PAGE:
Many experts believe much bigger changes in law and policy are needed.
"For well over two centuries, America has responded to foreign threats where they resided — overseas," said Gertstell.
Years at the NSA, which employs some of the world's best hackers, taught Gerstell there is no network hackers can't breach. So cybersecurity must be configured with the expectation that the bad guys will pick the lock, he said, and must prioritize containing the damage once they get inside.
The key to that is rapid information sharing, he said — the kind that isn't happening now.
"We need to do a way better job nipping attacks in the bud before they spread too far," he said. "That requires a robust public/private sharing of info in real time. The instant an attack starts on some company it should have a legal duty to report that, it should have an electronic means of reporting very quickly."
The information should go to a coordination center, he said, which would include classified intelligence about cyber signatures. The faster an attack is diagnosed, the faster it can be contained.
"So maybe the next SolarWinds affects only 22 companies" instead of thousands, he said, referring to a massive hack of corporate and government networks believed to be the work of Russian intelligence.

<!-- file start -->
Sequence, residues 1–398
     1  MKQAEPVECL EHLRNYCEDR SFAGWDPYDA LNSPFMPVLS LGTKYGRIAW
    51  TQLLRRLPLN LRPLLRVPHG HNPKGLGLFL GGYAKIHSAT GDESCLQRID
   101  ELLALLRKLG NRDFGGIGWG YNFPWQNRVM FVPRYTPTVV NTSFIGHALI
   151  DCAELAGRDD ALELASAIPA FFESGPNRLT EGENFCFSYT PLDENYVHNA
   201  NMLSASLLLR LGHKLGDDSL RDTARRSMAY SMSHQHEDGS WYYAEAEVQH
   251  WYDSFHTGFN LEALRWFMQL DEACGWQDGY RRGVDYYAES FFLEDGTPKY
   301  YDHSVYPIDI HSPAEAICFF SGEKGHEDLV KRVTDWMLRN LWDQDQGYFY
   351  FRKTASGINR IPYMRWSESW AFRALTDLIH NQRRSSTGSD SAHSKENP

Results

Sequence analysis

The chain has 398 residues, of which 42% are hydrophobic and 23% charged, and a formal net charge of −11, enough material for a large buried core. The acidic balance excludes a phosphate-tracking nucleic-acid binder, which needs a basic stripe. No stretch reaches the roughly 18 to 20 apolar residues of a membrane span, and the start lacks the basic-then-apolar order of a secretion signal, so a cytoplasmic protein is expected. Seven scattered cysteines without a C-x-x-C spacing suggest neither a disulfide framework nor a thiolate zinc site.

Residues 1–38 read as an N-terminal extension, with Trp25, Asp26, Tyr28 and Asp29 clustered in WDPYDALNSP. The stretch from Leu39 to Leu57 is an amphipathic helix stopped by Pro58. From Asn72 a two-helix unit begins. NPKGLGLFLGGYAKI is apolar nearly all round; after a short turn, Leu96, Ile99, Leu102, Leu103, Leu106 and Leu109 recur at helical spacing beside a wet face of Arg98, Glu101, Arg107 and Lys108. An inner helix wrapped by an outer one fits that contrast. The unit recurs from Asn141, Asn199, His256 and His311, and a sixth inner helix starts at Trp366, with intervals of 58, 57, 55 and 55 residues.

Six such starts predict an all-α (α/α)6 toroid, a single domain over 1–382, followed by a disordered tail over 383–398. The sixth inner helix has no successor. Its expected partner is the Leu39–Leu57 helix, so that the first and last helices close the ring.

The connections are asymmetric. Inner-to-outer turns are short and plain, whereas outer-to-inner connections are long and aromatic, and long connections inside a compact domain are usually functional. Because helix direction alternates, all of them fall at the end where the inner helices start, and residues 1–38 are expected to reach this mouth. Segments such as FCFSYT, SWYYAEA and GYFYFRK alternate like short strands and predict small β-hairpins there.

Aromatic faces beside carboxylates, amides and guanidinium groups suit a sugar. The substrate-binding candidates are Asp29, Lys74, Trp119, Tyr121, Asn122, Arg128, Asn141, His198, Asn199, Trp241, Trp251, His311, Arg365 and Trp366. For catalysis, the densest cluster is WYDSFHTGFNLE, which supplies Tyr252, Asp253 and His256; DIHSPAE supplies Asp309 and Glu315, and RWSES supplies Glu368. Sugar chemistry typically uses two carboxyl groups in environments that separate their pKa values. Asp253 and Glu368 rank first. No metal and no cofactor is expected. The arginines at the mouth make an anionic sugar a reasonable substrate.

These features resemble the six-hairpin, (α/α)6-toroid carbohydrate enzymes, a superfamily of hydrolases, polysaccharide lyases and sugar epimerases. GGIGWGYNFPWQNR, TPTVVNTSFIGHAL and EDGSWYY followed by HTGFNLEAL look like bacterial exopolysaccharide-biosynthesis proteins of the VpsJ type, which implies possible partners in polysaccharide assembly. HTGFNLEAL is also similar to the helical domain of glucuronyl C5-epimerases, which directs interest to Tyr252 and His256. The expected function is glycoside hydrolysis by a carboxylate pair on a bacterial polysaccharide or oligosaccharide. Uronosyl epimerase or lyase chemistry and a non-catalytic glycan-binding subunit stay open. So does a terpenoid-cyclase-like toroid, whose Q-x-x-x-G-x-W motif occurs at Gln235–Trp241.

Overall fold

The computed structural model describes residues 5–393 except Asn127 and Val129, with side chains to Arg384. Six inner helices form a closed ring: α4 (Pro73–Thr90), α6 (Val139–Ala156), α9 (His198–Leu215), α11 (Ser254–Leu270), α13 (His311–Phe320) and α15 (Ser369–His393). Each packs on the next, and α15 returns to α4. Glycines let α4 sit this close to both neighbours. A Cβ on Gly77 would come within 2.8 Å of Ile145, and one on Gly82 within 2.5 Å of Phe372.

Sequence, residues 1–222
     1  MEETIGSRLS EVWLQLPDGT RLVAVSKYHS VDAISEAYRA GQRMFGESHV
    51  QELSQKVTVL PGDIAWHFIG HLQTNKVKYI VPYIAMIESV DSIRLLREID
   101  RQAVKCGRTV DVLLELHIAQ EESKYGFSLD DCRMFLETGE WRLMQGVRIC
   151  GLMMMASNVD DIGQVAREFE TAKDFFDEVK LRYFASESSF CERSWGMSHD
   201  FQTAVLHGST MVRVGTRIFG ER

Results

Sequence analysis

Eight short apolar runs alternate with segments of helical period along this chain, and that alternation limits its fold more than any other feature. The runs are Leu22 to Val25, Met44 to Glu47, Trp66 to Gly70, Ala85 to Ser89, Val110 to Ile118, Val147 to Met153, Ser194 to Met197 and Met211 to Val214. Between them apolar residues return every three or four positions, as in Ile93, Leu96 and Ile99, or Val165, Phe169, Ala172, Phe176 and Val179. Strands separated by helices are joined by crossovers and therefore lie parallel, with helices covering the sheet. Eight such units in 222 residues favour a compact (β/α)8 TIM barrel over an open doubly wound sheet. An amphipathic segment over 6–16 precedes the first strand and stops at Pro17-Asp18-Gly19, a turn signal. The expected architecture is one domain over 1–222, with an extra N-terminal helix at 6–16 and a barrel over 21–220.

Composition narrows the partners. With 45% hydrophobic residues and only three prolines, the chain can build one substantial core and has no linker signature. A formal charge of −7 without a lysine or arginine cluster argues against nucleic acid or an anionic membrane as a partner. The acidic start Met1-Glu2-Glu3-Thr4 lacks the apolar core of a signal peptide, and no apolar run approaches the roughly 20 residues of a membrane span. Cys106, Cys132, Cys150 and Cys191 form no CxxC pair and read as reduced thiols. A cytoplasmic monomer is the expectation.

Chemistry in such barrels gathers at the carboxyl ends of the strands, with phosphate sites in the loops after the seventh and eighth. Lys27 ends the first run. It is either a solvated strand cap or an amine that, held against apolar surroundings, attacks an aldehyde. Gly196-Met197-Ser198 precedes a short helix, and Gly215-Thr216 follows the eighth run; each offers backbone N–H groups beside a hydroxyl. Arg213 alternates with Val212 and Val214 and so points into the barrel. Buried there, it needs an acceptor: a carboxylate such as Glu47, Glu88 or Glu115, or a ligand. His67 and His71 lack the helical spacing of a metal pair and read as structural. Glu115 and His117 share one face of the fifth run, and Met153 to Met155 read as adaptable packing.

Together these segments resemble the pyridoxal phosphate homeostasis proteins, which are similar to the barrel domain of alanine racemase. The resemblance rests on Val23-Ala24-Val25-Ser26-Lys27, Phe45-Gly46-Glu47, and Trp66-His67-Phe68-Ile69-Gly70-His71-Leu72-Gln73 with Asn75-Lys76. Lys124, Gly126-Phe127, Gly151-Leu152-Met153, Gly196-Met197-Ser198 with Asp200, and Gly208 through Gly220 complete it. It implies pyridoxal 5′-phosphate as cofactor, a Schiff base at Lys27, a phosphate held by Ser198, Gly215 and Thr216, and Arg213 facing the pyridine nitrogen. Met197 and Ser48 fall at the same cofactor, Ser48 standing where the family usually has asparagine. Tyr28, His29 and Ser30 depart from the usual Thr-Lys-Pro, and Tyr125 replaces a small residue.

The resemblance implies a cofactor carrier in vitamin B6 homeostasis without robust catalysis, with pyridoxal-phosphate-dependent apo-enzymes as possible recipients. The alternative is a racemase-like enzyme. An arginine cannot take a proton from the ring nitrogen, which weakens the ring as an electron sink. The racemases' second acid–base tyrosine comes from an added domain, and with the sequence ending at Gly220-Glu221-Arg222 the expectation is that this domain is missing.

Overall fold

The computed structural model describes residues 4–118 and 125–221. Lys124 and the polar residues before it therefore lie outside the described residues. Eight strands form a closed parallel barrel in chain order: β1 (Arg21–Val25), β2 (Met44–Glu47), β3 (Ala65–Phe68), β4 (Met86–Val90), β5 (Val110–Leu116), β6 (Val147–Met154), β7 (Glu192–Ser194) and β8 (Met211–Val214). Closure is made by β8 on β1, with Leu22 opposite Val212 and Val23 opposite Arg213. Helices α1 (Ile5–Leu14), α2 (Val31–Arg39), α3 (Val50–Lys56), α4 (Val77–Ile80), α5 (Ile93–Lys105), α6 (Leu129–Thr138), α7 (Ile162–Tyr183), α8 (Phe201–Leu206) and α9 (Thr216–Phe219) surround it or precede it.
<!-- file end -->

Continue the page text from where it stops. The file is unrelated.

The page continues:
It's also crucial to move to a "zero trust environment," Gerstell and other experts say — configuring networks so that all outside software and devices are treated as hostile until proven otherwise. Biden's executive order calls for federal networks to adopt that policy, according to The New York Times.
"Zero trust can greatly mitigate the damage that can be done once a user or host is compromised," said Gary Kinghorn, marketing director of Tempered Networks, a cybersecurity firm. Without it, he said, the infection can spread, giving hackers further access to steal more information or do more damage. "Zero trust can reduce the lateral spread of attackers and malware by blocking access and communication that is not explicitly authorized."
But even if the U.S. got its cyber defenses in order, it would still face the problem of hostile countries such as Russia allowing criminal hackers to operate unmolested from their territories. As long as they are attacking the English-speaking West, experts say, they are not touched. Some of them freelance for Russian intelligence services.
DarkSide, the group the FBI says attacked Colonial, appears to be based in Russia, Biden said Monday.
Dmitri Alperovitch, cofounder of the cybersecurity firm CrowdStrike and now executive chairman of the Silverado Policy Accelerator, a think thank, says the U.S. should provide Russia a list of hackers it wants prosecuted or extradited. And if that doesn't happen, it should impose severe sanctions.
Ransomware attacks like the one that crippled Colonial Pipeline's operations have become commonplace. But this time, a cyber mishap is striking at the wallets of average Americans, in the form of higher gas prices. Some experts believe it could be a turning point.
"The only silver lining is this is going to be a big enough deal that I believe this will be the wake-up call the government needs," said Eric Cole, a cybersecurity expert and author.
Kelvin Coleman, executive director of the nonprofit National Cyber Security Alliance, had a different take.
"I'm tired of getting wake-up calls," he said. "It's time to stay awake."